Owl And Kitten Cafés in 2015, What’s Next?
London coffee shops these days seem to be broadly split into two categories. First, we have the chains: bustling, commercial, and anonymous establishments, in which customers spend a maximum of fifteen minutes. Second, we have the independent, trendy cafés found in Shoreditch and the like, which are characterized by kale and mango smoothies and bespectacled folk on laptops. Both are arguably anti-social places with more and more people turning up alone to get some reading or life admin done. But, you’ll be interested to know that it didn’t always used to be this way.
Back To 1652…
Indeed, coffeehouses used to be altogether quite different. It’s time to meet a man called Pasqua Rosée. He was probably born in Sicily in the early 1600s and later met a merchant named Daniel Edwards who traded in Turkish goods. He employed Rosée as a servant and brought him over to Britain where Rosée set up London’s first ever coffeehouse in 1652. It was named The Turk’s Head and was found in St Michael’s Alley in Cornhill.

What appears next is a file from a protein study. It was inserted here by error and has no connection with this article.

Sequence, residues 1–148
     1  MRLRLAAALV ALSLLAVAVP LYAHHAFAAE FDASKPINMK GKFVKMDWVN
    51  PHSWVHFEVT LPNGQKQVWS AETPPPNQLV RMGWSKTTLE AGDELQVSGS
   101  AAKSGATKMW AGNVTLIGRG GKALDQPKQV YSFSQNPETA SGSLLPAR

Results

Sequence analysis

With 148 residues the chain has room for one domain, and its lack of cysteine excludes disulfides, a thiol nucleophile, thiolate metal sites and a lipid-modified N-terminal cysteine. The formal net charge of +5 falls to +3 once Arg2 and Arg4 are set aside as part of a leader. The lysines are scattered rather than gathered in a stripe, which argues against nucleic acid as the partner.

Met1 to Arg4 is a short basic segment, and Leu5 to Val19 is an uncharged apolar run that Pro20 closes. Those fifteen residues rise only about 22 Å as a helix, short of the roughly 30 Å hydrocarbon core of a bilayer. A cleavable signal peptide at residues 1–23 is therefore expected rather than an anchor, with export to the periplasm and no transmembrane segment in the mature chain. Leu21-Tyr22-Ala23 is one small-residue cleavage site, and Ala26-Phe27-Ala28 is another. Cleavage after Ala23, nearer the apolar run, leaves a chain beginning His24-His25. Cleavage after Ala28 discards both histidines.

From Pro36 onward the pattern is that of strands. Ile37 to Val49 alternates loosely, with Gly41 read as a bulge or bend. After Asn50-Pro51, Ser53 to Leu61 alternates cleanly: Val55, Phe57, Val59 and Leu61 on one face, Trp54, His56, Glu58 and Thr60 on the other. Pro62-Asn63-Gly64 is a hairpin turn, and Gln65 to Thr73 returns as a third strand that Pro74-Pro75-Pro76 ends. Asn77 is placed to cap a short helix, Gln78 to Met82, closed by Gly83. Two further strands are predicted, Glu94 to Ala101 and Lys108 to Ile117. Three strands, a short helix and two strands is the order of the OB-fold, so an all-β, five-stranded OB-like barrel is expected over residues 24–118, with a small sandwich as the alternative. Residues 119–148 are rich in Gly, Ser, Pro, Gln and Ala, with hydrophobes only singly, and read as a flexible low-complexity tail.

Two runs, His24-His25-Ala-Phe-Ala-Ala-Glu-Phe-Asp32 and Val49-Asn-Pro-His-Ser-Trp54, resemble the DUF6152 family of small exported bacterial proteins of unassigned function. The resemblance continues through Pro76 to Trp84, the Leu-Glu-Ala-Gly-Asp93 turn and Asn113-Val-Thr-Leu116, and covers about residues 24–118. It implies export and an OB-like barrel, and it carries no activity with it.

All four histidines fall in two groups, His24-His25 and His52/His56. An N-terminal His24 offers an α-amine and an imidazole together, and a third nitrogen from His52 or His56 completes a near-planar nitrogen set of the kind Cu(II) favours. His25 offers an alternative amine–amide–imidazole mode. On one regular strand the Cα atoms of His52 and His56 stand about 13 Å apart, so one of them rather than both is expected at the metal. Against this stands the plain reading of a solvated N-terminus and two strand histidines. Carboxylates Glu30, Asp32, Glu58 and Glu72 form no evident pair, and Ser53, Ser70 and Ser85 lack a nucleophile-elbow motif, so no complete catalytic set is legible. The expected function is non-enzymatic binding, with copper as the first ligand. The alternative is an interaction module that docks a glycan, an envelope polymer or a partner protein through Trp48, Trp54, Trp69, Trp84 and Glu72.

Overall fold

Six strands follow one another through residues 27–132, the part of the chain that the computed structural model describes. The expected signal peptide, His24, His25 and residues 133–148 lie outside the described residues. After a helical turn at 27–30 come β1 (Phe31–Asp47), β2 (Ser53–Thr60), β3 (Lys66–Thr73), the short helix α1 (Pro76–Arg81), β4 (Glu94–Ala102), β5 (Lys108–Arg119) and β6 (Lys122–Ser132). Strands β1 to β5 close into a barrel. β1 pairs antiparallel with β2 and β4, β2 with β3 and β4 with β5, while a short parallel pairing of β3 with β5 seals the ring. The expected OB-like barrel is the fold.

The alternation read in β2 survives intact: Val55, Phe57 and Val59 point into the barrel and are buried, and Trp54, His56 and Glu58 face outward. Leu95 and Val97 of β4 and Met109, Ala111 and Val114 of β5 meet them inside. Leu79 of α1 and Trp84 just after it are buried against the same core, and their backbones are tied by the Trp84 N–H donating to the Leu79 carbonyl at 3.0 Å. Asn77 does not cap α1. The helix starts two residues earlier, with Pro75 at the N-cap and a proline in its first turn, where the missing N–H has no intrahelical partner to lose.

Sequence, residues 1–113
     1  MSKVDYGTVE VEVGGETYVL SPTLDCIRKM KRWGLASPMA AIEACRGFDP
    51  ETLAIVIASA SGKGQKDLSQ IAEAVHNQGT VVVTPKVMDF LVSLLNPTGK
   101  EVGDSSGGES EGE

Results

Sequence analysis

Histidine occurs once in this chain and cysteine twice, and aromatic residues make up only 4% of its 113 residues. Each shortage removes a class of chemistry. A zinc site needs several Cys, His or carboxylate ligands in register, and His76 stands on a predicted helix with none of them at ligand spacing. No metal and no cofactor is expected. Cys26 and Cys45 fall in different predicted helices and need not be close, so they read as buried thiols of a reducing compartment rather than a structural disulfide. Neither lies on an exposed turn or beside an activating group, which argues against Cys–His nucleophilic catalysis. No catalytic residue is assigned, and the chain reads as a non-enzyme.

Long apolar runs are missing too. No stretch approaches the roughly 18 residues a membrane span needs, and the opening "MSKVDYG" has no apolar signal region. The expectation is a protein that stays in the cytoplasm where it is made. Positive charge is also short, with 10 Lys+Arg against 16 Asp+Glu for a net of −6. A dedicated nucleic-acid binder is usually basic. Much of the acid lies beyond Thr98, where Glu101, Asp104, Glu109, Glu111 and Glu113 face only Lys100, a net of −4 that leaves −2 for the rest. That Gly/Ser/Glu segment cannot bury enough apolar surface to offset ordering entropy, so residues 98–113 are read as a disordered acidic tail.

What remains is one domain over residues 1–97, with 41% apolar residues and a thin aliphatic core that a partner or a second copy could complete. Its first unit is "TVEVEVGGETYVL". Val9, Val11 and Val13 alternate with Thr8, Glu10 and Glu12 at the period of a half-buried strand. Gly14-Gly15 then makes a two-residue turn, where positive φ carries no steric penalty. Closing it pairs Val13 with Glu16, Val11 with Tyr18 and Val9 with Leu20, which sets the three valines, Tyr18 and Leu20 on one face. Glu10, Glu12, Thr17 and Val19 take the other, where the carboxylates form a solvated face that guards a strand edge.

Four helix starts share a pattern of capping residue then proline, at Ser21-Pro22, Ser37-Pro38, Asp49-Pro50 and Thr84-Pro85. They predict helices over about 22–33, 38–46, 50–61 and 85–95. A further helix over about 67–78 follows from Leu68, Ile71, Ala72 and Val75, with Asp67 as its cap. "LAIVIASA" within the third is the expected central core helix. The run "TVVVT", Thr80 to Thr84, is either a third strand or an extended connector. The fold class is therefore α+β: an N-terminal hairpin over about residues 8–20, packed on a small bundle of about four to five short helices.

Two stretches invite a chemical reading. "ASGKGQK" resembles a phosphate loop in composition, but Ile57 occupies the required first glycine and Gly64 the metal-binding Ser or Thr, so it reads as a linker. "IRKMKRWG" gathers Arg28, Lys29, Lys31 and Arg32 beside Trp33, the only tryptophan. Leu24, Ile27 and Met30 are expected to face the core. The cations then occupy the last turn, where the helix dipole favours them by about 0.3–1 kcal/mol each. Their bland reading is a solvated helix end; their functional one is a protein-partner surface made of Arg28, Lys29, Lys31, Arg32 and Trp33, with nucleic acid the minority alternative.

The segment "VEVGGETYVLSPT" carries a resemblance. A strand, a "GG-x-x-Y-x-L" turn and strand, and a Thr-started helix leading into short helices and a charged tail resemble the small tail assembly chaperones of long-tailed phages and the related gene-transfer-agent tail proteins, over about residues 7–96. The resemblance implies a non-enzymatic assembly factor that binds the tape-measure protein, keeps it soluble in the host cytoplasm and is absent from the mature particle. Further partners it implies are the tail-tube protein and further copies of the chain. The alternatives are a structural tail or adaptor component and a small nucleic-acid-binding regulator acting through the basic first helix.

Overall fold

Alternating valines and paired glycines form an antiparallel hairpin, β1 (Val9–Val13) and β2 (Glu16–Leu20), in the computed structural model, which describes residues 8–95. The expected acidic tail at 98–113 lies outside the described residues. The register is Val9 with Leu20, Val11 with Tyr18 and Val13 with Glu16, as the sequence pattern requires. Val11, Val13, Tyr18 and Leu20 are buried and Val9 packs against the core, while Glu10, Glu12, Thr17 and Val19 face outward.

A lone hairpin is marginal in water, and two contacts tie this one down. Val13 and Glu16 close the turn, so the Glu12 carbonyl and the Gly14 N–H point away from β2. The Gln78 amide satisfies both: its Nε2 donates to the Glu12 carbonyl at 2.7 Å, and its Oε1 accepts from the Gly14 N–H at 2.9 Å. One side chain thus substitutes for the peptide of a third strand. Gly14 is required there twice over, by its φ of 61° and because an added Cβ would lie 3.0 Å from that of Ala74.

Coffee had previously been consumed only for medical purposes in Britain, but with the revolution started by Rosée, coffee took on a whole new meaning. Coffee houses became meeting places for intellectuals to debate important topics in a much more civilized setting than the ale-soaked taverns where such discussions had previously unfolded. For a small fee punters were granted admission, a coffee and a calm, alcohol-free space to exchange ideas. Interestingly, historians have found that social status was considered unimportant in London’s coffeehouses and people of all classes and political backgrounds were invited to join in conversations.
The Age Of Enlightenment
This London coffee house culture came hand in hand with the Age of Enlightenment, but what exactly was that? Sometimes called the Age of Reason, the era began in the 1620s and ended in the 1780s when it gave way to the start of Romanticism. Simply put, the Age of Enlightenment was a period during which people realized they could challenge the authority of the institutions around them and began to value reason and science over Church authority. This was a huge European intellectual movement, with main hubs in Britain and France. The common coffee house acted as a springboard for the initiation of major developments in philosophy, politics and art.
Although the conversation in coffee houses in modern times may not be of the same ground-breaking caliber, their popularity certainly hasn’t dwindled. Rosée’s coffee house still stands in fact, in the same place, but under a different name. It’s now called Jamaica Wine House, and is no longer a coffee house, but a pub (how very British) that goes by the nickname ‘The Jampot.’